Making the invisible visible (1)
Sarah McLusky, Project Manager (Durham) writes:
What is breath? We all know what it feels like. We can perceive the rise and fall of the chest, the air moving in and out of our lungs, but unless it’s a frosty morning, we can’t see it. As well as being unseen, most of the time our breath is taken for granted, invisible. Perhaps the only time we pay attention to our breath is when we make demands of it – to speak, to sing, to power the body through exercise. We also become intensely aware of our breath, or rather the lack of it, when it isn’t working as it should, perhaps through illness or anxiety. The rest of the time our lungs quietly, imperceptibly, carry on with the business of keeping us alive, an invisible poem.
Invisibility is also a powerful metaphor for those with respiratory illness – their hidden symptoms, the gaps in our understanding, the lack of effective treatments, the stigma associated with breathlessness, the invisible suffering.
Tackling this literal and metaphorical ‘invisibility’ is one of the main aims of the Life of Breath project. By exploring breathing and breathlessness from a number of different perspectives the Life of Breath project is tasked with ‘making the invisible visible’ (see ‘There is something in there‘).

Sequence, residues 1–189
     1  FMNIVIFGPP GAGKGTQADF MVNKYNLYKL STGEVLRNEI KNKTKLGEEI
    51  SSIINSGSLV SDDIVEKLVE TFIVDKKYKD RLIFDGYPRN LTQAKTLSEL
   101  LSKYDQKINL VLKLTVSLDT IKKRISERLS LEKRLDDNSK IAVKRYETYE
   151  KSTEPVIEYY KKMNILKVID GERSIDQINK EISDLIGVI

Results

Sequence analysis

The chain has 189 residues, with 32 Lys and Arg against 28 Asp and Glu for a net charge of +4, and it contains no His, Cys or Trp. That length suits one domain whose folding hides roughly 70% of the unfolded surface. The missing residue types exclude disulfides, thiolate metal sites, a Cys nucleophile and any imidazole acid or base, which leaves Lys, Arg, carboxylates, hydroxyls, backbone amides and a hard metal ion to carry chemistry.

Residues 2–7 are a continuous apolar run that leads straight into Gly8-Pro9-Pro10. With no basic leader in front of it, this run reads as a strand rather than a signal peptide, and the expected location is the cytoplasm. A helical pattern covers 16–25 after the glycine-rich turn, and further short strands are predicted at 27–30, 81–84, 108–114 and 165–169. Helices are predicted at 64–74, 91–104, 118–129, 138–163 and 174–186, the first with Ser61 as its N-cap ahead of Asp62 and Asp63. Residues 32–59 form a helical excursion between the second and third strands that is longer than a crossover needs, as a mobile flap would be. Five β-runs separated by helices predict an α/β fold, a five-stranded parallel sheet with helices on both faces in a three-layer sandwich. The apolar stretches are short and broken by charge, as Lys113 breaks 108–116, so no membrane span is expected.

Following on from the Bristol launch in May, Life of Breath at Durham University will be formally launched on Wednesday 23rd September 2015. In the splendid gothic surroundings of the Joachim Room at the College of St Hild & St Bede, a number of diverse project collaborators will share what breath means to them. First we will hear from Miriam Johnson, from Hull York Medical School, an expert on palliative care. Then artist Jayne Wilton will outline her work on visualising the breath. Durham colleague Charlotte Roberts will consider what human skeletal remains can tell us about breathlessness in the past, while fellow academic Peter Garratt explores the breath in literature. Finally James Edwards and Gaynor Williams, members of the Darlington Breathe Easy patient support group, will share what it is like to feel breathless.
These speakers will be framed by moments of reflection, breathing spaces if you will, encounters with the breath made visible through spoken work, sound and music.
Anyone with an interest in the project is welcome to join us at the event, although places are limited. If you would like to attend please register at http://makingtheinvisiblevisible.eventbrite.co.uk
 Carel, H., Macnaughton, J., Dodd, J. (2015) Invisible suffering: breathlessness in and beyond the clinic, The Lancet Respiratory Medicine, 3(4): 278-279.